The Studies May Be OK, but They’re Not Really Medical Tort Reform

Secretary of Health and Human Services Kathleen Sebelius on Friday announced the recipients of a total of $25 million in federal grants to study patient safety and medical liability, a program the Administration cites to claim its health care initiatives include medical liability reform.

At the White House blog, Dr. Ezekiel J. Emanuel, a special adviser for health policy in the Office of Management and Budget, described the thrust of the grants. From “An Important Step on Medical Malpractice Reform“:

The 20 grants awarded today by the Agency for Healthcare Research and Quality (AHRQ) are an important step in the right direction. They will fund programs that aim to reduce avoidable injuries. For instance, one program in Massachusetts aims to reduce errors in primary care physician offices, particularly concerning medications and referrals. Another in Minnesota targets patient safety around childbirth by instituting best practices at 16 hospitals statewide and determining if there is a correlation between fewer complications in childbirth and malpractice suits targeted at obstetricians. A third, in Oregon, will develop and work to implement a “safe harbor” system in which physicians who prove they adhered to evidence based guidelines are protected from frivolous lawsuits.

Best practices, improved sharing of information, additional data collection — all fine. But in most cases, doctors are already doing their best to provide good care to their patients and avoid getting sued. There’s little if anything in these grants that will change that.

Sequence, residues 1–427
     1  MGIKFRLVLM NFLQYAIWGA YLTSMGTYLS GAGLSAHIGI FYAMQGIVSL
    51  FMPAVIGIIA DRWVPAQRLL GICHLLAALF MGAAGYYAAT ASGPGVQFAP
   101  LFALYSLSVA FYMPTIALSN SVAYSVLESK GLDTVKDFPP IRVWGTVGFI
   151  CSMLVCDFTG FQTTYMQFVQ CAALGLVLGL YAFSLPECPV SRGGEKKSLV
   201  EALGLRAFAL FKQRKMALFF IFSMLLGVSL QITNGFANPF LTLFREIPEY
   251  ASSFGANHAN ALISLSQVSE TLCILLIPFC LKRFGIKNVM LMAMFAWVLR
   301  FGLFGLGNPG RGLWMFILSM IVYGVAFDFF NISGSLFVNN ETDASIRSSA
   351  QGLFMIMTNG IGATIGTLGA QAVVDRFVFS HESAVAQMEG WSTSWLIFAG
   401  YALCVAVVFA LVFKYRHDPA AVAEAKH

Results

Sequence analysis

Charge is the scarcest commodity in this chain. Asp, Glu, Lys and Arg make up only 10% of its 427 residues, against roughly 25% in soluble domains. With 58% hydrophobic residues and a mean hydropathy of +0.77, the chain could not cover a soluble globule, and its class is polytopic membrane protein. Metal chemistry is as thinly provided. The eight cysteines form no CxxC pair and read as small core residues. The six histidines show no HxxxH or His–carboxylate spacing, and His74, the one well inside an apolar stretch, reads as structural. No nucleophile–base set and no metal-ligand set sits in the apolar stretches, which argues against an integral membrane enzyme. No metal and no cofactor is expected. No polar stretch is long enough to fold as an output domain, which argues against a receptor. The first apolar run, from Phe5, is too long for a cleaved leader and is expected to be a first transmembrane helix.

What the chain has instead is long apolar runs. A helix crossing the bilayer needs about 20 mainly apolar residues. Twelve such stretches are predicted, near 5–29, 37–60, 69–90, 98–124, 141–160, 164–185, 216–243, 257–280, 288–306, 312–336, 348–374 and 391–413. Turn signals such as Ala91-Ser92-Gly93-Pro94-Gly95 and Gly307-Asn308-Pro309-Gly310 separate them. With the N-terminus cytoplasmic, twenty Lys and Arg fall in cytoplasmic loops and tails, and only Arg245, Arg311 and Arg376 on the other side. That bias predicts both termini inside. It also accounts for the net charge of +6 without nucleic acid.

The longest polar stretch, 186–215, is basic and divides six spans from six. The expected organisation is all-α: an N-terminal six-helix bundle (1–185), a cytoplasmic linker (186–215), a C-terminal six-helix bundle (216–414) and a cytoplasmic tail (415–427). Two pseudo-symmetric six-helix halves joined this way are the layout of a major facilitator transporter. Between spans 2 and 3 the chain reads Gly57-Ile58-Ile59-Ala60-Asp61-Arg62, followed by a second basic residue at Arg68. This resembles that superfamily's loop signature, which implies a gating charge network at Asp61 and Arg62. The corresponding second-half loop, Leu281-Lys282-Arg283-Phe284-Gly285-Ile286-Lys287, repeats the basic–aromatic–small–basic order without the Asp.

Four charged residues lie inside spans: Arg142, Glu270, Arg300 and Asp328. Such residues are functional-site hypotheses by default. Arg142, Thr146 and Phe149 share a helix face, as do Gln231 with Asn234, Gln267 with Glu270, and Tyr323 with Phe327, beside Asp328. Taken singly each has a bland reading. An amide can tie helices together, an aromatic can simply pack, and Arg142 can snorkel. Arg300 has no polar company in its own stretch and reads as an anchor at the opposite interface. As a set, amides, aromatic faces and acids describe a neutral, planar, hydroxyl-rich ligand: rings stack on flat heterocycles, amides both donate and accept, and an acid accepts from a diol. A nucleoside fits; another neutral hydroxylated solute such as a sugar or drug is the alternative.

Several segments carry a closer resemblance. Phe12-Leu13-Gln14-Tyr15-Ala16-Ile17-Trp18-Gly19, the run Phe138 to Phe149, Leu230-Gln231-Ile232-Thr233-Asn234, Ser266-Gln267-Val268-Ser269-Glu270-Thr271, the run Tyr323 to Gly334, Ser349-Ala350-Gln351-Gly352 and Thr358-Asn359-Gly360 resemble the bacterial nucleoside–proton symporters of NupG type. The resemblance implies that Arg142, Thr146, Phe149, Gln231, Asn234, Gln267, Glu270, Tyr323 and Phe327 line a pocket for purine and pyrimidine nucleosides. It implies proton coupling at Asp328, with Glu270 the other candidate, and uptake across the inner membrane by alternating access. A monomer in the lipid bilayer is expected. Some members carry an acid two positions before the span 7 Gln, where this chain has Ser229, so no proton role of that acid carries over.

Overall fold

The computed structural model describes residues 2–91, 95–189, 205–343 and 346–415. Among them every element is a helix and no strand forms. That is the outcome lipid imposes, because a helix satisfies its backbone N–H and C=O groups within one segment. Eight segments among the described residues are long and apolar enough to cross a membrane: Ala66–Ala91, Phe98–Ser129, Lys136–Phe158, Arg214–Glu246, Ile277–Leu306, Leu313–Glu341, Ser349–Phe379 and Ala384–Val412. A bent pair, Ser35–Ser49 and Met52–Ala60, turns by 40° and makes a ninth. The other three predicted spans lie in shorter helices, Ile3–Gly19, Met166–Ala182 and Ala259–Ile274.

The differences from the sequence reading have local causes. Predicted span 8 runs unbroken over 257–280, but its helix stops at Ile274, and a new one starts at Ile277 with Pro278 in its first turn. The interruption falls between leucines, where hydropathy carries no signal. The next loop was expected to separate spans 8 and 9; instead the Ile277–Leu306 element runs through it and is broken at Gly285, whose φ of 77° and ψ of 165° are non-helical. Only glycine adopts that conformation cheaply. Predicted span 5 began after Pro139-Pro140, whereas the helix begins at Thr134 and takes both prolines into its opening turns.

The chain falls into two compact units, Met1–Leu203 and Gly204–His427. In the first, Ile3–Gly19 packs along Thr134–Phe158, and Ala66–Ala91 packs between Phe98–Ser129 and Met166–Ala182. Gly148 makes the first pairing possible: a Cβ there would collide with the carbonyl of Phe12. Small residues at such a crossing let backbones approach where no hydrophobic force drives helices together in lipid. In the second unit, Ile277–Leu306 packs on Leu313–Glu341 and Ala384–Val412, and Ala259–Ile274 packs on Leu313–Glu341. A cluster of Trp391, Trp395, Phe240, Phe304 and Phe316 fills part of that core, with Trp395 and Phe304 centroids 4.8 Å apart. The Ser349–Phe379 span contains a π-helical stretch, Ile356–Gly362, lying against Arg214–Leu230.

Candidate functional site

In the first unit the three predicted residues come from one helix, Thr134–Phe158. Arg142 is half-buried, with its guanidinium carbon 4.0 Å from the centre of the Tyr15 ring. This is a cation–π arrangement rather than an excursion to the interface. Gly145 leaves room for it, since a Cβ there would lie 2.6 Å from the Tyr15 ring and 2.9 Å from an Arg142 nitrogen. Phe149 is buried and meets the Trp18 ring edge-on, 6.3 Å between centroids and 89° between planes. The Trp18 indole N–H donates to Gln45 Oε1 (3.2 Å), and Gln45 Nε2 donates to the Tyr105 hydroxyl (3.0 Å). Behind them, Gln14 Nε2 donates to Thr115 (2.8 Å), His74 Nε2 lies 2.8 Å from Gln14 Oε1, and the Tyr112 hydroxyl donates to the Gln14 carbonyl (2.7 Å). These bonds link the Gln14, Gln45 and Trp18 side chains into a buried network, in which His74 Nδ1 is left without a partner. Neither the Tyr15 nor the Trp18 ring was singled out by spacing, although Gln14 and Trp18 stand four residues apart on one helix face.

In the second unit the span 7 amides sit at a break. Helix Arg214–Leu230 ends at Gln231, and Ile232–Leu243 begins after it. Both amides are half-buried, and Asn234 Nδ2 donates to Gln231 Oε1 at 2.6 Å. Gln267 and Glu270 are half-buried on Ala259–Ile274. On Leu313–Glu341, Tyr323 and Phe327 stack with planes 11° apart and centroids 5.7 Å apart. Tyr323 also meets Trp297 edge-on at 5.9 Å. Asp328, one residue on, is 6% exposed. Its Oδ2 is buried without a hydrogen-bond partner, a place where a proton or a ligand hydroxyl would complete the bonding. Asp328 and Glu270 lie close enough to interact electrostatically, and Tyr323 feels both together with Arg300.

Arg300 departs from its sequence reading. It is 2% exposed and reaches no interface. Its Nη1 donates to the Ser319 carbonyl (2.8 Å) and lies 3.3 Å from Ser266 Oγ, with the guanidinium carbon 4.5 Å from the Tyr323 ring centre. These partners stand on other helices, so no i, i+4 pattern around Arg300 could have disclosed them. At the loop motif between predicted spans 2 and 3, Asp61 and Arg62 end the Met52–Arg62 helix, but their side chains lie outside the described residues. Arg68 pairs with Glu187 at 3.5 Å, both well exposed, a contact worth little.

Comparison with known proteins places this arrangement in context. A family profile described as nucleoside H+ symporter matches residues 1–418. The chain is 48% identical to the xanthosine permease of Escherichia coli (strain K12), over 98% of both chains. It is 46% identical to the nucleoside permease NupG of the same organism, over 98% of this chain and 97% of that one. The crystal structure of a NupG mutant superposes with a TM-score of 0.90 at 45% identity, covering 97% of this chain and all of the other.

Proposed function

Philip K. Howard, chairman of the legal reform coalition Common Good, explained the problems in a statement following the announcement.

While some of these projects might improve the process when patients are injured by medical error, none of them protects doctors from lawsuits where there were no errors. This unreliability drives defensive medicine. The Department of Health and Human Services is avoiding the reality that a new reliable system of medical justice is needed to end defensive medicine, a practice which contributes to the unsustainable growth in health care costs. The trial lawyers, a major contributor to Congressional campaign coffers, are the only beneficiary of the current system, and Washington appears unwilling to take them on, especially in an election year. We’ll see in the fall elections if voters are still happy to have special interests put ahead of the public interest.

From HHS:

UPDATE (1:10 p.m.): Should have noted that Common Good’s reform of choice is health courts.

Also, background from the White House in September 2009 when the President unveiled his initiative:

Join the discussion One Comment

Leave a Reply